Last week, my grandma died at the age of one hundred. During her final year, she could not care for herself in any meaningful way. Because she lived across the street from my dad, much of her personal care fell to him. It was a role he gladly accepted, but one that also took its toll on him. Much of his day revolved around when she needed medicine, food, and sleep. For the last few years, he would even forego vacations out of fear of something bad happening while he was away. Naturally, because he needed to spend much of his time and energy focused on his mom, my dad had little time to care for himself.
Oftentimes, pastors find themselves in a similar position. We recognize the weightiness of our calling and love our congregation dearly, and so, we pour ourselves out to properly care for our churches. But as we pay especially careful attention to our people in order to properly care for them, we actually forget to pay careful attention to ourselves.
In his farewell speech to the Ephesian elders, Paul exhorts the overseers of God’s church, “Pay careful attention to yourselves and to all the flock” (Acts 20:28, ESV). For pastors, Paul’s command to watch over their members is expected. But his exhortation for pastors to also pay careful attention to themselves might surprise us. Yet, it is an important and timely reminder precisely because of the dangers inherent to pastoral ministry.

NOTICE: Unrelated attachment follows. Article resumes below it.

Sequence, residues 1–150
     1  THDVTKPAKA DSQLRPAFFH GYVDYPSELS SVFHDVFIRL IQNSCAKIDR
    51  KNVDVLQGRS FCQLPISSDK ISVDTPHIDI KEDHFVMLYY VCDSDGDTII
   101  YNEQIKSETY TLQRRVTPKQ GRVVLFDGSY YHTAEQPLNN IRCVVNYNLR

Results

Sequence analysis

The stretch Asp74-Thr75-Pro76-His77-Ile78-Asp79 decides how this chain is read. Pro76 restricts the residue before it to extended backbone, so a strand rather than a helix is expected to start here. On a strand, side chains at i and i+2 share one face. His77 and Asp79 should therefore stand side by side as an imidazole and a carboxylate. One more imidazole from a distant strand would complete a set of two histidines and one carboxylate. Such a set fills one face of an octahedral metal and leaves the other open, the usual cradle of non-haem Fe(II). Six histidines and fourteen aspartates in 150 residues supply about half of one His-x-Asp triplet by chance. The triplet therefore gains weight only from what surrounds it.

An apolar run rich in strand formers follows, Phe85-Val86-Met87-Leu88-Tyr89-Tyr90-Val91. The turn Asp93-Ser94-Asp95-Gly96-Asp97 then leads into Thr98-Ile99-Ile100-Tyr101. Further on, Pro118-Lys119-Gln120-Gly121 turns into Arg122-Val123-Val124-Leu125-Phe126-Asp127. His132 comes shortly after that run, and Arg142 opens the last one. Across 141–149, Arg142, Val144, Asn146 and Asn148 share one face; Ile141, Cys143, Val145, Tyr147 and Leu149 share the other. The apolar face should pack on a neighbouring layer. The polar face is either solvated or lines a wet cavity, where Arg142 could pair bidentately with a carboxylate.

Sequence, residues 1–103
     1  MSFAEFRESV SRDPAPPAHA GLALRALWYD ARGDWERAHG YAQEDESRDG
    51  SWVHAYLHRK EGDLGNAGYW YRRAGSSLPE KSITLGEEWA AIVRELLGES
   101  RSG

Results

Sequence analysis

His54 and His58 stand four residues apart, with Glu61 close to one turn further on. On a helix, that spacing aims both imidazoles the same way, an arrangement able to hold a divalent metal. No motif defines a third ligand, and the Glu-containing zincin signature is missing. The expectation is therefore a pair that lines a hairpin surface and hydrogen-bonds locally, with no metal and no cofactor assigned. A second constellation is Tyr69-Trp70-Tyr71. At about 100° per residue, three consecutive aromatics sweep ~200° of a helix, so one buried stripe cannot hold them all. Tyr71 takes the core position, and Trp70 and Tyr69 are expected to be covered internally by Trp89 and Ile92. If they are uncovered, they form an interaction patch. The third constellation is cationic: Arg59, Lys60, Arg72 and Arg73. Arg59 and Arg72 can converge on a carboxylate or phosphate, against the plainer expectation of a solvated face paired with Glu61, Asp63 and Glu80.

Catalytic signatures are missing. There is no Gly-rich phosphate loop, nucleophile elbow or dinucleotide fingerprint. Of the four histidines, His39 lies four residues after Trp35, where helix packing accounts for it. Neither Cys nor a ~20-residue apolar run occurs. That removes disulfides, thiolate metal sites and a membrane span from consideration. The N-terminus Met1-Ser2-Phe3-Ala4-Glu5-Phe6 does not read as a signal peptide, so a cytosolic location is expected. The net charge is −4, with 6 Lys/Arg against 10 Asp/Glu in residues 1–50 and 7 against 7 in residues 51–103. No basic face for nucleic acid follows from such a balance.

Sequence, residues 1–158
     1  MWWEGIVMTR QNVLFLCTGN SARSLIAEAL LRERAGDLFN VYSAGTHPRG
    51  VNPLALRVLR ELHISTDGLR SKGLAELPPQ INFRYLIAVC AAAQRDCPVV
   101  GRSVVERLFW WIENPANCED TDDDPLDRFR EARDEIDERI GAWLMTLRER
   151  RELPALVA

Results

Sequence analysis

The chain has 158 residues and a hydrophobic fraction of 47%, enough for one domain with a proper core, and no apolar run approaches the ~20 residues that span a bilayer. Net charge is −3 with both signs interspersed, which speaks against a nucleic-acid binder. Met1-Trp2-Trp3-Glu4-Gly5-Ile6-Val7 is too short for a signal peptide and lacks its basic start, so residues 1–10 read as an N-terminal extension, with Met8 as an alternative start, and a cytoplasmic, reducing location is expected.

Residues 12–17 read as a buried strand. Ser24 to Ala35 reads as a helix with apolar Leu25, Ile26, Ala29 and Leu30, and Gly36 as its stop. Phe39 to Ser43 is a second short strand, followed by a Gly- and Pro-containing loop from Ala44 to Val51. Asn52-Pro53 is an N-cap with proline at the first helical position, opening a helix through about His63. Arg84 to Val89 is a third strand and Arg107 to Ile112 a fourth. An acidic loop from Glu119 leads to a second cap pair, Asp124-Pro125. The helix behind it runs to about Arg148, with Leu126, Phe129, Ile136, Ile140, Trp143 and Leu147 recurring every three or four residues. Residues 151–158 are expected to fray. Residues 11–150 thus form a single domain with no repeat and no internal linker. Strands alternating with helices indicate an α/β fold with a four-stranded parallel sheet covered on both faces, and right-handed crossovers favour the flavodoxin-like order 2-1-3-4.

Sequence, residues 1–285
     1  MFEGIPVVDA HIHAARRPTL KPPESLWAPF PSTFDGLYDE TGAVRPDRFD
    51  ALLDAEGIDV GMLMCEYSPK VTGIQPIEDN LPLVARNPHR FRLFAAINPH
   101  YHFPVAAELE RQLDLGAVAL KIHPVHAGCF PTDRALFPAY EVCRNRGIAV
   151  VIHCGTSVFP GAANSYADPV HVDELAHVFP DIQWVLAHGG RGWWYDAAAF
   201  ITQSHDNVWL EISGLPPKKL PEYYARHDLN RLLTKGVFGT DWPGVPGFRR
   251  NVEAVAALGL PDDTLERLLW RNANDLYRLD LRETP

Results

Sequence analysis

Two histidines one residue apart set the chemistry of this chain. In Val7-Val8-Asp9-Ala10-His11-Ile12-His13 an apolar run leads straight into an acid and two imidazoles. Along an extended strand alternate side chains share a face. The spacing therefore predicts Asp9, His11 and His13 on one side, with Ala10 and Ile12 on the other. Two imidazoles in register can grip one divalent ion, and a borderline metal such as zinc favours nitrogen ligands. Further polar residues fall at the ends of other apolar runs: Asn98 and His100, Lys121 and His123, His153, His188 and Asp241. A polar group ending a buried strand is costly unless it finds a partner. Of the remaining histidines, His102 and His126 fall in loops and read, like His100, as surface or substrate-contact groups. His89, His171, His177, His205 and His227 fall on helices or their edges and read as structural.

As pastors, we can forget to focus on ourselves because pastoral ministry is task-oriented and others-centered. There is always something else on our to-do list, always someone else seeking our attention. Our weeks consist of planned leadership meetings and sermon prep, spontaneous discipleship lunches, counseling sessions, and hospital visits. Faithfully shepherding our people often means little time and attention left for overseeing ourselves. We may spend twenty hours a week preparing multiple messages for our congregation, but fail to feed ourselves from God’s Word. We plead with our people to flee from sin and temptation, but then neglect to guard our own personal holiness. Unfortunately, when we fail to pay careful attention to ourselves, we can expect consequences that affect ourselves and others.
Three Areas that Need Our Constant Attention
While there are many ways pastors can and should apply Paul’s exhortation to watch over themselves, I want to offer three specific areas that need our constant attention.
With only twenty-four hours a day, various responsibilities, and people vying for our time, there are two potential dangers pastors must be aware of regarding how we use our time. First, there is the danger of overwork that leads to neglecting our families and rest. There is always another person to meet with, sermon to work on, and book to read. But if we fail to watch how we use our time, it won’t be long before our families are neglected and we are exhausted from lack of rest. Too many pastors have sacrificed their families on the altar of their ministries and/or become burned out, simply because they were not careful to pay attention to how they used their time.